At least eight people testified in opposition to COVID-19 health mandates during Wednesday’s meeting of the Kenai City Council, where legislation about COVID-19 was not being considered. Members of the same group similarly testified in opposition to COVID-19 mandates during last week’s meeting of the Soldotna City Council.
Garett Ennis, of Kenai, presented council members with demonstrators’ “Citizen’s Declaration of Medical Liberty,” as he did at the Soldotna meeting last week. That declaration opposes medical mandates and alleges that government officials who violate the tenets of the declaration are in violation of the U.S. and Alaska constitutions.
“Short of an appropriately responsive government, I/We, a/the Citizen(s) of Alaska, and of the United States of America, reserve and reaffirm the right to remove illegitimate and tyrannical government officials through the prescribed electoral process, recall, impeachment, or by any other proportional means prescribed by law or otherwise necessary to reestablish and secure personal medical liberty,” the declaration says.
The petition has garnered 37 signatures according to its change.org website.
Jason Floyd, who owns Ammo Can Coffee Social Club in Soldotna and also testified in opposition to COVID-19 health mandates during last week’s Soldotna council meeting, thanked Kenai council members for not wearing face masks and said he was “watching” when the city accepted federal COVID-19 relief funds.
“We have what seems to be an open tap of federal money coming into this community and this state to influence our government,” Floyd said. “For those folks who are in charge of our health care system to then coerce us into doing something with our bodies that maybe we want to do or not do is inappropriate.”
Council member Teea Winger thanked Floyd for testifying and asserted that the City of Kenai kept its emergency declaration in effect so that it could continue to receive COVID relief funds.
“We did keep an emergency order in effect just to be able to be eligible to receive funds,” Winger said. “So you’re very much correct that some of this could be driven not out of good policy.”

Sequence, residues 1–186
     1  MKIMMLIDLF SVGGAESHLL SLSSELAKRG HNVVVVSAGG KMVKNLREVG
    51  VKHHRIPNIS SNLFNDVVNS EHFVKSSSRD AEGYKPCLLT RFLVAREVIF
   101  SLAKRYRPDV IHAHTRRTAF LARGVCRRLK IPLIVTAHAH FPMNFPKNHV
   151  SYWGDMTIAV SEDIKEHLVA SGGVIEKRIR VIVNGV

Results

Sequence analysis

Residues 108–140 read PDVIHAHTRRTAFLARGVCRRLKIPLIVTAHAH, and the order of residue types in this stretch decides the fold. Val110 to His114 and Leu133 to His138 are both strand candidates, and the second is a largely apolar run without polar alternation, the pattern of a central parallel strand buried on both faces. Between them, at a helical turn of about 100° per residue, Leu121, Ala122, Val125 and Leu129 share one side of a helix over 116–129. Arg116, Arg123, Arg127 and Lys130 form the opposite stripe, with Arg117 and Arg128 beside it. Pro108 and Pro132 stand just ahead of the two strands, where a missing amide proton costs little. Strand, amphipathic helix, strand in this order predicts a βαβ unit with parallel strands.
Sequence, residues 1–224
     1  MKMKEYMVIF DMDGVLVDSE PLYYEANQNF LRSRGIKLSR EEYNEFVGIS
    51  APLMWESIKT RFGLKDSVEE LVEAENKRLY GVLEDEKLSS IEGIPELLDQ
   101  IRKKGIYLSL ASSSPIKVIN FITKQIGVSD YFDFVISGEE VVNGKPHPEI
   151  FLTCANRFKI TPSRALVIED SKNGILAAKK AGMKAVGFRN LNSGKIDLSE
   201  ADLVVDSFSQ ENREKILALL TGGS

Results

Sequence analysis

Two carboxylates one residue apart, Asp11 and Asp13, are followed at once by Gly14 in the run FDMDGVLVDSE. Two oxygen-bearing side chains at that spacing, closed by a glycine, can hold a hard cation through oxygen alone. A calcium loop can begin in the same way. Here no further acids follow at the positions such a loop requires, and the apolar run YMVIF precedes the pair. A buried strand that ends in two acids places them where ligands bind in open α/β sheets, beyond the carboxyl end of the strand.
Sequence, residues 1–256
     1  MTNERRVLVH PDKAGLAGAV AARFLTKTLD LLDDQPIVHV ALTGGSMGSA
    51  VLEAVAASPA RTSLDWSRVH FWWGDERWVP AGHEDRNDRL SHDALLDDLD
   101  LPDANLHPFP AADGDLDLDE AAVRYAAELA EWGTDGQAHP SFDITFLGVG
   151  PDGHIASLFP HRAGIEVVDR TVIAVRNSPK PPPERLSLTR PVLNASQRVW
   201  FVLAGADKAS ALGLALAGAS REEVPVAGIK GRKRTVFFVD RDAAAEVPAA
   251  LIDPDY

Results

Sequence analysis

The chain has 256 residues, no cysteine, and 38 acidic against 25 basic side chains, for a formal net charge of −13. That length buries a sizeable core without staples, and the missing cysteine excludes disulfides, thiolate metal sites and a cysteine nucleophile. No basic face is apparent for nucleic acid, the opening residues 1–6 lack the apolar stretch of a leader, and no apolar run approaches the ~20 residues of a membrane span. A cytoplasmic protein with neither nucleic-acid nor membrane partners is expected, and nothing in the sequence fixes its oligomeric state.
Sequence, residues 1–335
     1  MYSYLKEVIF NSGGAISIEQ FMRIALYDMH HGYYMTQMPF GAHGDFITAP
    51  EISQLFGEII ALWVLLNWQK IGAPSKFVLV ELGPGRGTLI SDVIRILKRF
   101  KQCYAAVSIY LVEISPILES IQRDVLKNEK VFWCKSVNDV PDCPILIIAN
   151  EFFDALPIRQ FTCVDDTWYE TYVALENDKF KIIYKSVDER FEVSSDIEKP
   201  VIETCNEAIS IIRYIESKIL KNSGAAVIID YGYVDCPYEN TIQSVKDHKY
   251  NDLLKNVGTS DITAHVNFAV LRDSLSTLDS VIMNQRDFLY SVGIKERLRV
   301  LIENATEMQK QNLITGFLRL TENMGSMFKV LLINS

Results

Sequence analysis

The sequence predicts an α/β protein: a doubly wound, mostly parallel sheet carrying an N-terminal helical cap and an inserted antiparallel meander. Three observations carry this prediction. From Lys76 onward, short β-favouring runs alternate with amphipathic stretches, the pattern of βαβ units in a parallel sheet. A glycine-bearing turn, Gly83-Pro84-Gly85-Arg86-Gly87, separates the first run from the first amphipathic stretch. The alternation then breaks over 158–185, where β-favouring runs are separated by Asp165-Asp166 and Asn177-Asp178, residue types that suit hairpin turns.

Kenai resident Christine Hutchison, who serves on the Kenai Harbor Commission, was one of multiple people who testified in support of the use of alternative treatments for COVID-19 infection, including ivermectin. Hutchison went on to say that she is about to travel to Anchorage, where the local assembly recently instituted a mask mandate, and will not comply with that mandate.
“Anytime I’m in a group of three or four people, I ask them, ‘Do you know what the protocol is to prevent getting it? Do you have ivermectin on your bathroom shelf? Because you can get it! There’s places where you can get it,” Hutchison said. “The doctors will not help you, the pharmacy will not help you and the hospital will not help you.”
Winger thanked Hutchison for her testimony and suggested that ivermectin could have been used to save William Topel, a conservative political figure in Anchorage who died from COVID-19 earlier this month at Providence Alaska Medical Center and made statewide headlines.
“I think there’s a lot of misconceptions about what ivermectin can do preventative(ly), and you’re exactly right,” Winger said. “If we were able to prescribe things on a therapeutic treatment level, people such as Mr. Bill Topel wouldn’t have passed away. So there are preventable treatments. It’s hard to do a cheap treatment when you’re battling a trillion dollar industry.”
While clinical trials assessing the use of ivermectin tablets for the prevention or treatment of COVID-19 in people are ongoing, the U.S. Food and Drug Administration currently does not recommend the use of ivermectin to treat COVID-19 and has warned that taking large doses of ivermectin is dangerous.
“There seems to be a growing interest in a drug called ivermectin for the prevention or treatment of COVID-19 in humans,” the FDA says on their webpage. “Certain animal formulations of ivermectin … are approved in the U.S. to treat or prevent parasites in animals. For humans, ivermectin tablets are approved at very specific doses to treat some parasitic worms, and there are topical … formulations for head lice and skin conditions like rosacea.”
The FDA has reported that they have received multiple reports of patients who have required medical attention, including hospitalization, after self-medicating with ivermectin intended for livestock.
Queen Parker, of Sterling, quoted from the Declaration of Independence and advocated for individual choice when it comes to health care treatment.
“When the government insists on masks, that is the government micromanaging my health care options in a … one-size-fits-all (fashion),” Parker said. “This is just a political experiment.”
Council member-elect James Baisden also testified in opposition to COVID-19 health mandates. Baisden said he’s currently in a “fight” with the University of Alaska Fairbanks because they are requiring students who live in dorms to be vaccinated against COVID-19.
“I can see the federal government coming in with mandates towards us with any of the monies that we’ve received … “ Baisden said. “I’m going to be a voice against that. I think that it’s wrong.”
Wednesday’s full city council meeting can be viewed on the City of Kenai’s YouTube channel.
Reach reporter Ashlyn O’Hara at firstname.lastname@example.org.